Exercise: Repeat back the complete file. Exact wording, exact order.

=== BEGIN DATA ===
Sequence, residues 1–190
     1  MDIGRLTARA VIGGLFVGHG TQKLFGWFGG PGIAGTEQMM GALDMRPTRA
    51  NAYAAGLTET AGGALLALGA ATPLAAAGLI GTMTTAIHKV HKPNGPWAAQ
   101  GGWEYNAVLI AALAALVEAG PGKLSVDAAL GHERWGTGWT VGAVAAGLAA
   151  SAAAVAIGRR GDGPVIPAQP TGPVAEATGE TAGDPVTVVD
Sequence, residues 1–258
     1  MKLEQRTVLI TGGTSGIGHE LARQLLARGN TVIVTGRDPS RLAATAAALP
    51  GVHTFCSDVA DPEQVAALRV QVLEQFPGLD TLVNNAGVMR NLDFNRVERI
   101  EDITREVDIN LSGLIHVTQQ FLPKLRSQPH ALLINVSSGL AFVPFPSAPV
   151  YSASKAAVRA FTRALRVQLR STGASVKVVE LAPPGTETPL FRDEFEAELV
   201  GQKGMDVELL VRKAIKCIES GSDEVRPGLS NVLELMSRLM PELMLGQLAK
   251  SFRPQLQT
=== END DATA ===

Sequence, residues 1–190
     1  MDIGRLTARA VIGGLFVGHG TQKLFGWFGG PGIAGTEQMM GALDMRPTRA
    51  NAYAAGLTET AGGALLALGA ATPLAAAGLI GTMTTAIHKV HKPNGPWAAQ
   101  GGWEYNAVLI AALAALVEAG PGKLSVDAAL GHERWGTGWT VGAVAAGLAA
   151  SAAAVAIGRR GDGPVIPAQP TGPVAEATGE TAGDPVTVVD
Sequence, residues 1–258
     1  MKLEQRTVLI TGGTSGIGHE LARQLLARGN TVIVTGRDPS RLAATAAALP
    51  GVHTFCSDVA DPEQVAALRV QVLEQFPGLD TLVNNAGVMR NLDFNRVERI
   101  EDITREVDIN LSGLIHVTQQ FLPKLRSQPH ALLINVSSGL AFVPFPSAPV
   151  YSASKAAVRA FTRALRVQLR STGASVKVVE LAPPGTETPL FRDEFEAELV
   201  GQKGMDVELL VRKAIKCIES GSDEVRPGLS NVLELMSRLM PELMLGQLAK
   251  SFRPQLQT